Attitudes Towards Environmental Issues: Empirical Evidence in Europe and the United States
This paper compares mass and elite perceptions of environmental issues in the United States, the European Union, and Turkey. It covers four topics related to the importance of the issue area, general attitudes, the role of individuals and institutions as well as policy instruments aiming to manage environmental problems. Drawing on survey data from the last decade, there is no doubt that environmental problems are taken seriously in the US and Europe. However, personal concerns and environmental friendly attitudes can hardly be translated into concrete actions if these require financial contribution. Americans, nevertheless, appear somewhat more likely to make personal expenses for the environment than Europeans. While in general the EU is perceived as not doing enough for environmental problems, it seems to be delivering more than the American stakeholders. Turning to policy instruments, there is broad support for a wide range of actions which do not differ drastically among Europeans or Americans, the public or elites. Reduction of greenhouse gas emissions is a target policy aim and specific instruments are already under consideration.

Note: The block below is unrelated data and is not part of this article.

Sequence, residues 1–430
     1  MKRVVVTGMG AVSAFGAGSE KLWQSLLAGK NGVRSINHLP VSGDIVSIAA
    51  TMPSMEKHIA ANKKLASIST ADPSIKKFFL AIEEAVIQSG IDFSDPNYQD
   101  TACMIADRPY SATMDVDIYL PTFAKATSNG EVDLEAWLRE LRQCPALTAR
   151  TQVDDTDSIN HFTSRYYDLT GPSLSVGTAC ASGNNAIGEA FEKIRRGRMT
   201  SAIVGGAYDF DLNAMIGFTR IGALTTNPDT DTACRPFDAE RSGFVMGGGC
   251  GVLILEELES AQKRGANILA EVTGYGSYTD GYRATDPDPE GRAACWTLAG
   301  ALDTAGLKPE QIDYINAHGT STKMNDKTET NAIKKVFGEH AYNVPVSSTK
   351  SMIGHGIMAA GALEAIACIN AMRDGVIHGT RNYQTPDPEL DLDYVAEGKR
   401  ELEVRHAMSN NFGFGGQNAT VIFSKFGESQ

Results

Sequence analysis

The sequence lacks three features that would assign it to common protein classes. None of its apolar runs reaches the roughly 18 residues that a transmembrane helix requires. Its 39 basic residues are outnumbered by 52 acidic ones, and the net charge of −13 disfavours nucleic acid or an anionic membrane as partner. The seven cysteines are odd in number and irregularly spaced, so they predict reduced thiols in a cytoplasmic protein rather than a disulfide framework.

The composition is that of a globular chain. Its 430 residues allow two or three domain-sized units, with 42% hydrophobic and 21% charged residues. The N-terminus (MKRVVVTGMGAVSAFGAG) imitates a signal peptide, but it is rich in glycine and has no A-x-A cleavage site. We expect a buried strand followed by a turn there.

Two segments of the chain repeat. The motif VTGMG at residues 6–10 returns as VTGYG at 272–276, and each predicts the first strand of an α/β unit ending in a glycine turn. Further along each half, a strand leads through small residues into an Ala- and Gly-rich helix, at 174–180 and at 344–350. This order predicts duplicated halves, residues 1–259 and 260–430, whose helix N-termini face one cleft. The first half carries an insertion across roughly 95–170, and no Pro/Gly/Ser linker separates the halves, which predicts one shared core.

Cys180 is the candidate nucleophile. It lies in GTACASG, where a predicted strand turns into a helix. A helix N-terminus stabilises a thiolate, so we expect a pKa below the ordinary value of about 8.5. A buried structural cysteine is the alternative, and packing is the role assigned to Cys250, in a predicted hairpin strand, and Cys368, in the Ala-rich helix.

Paper produced within the framework of the IAI project Transworld.
1. Importance of Environmental Issues
2. General Attitudes towards Environmental Issues
3. The Role of the Main Stakeholders in the Area of Environmental Issues
4. Policies and Instruments Applied in the Area of Environmental Issues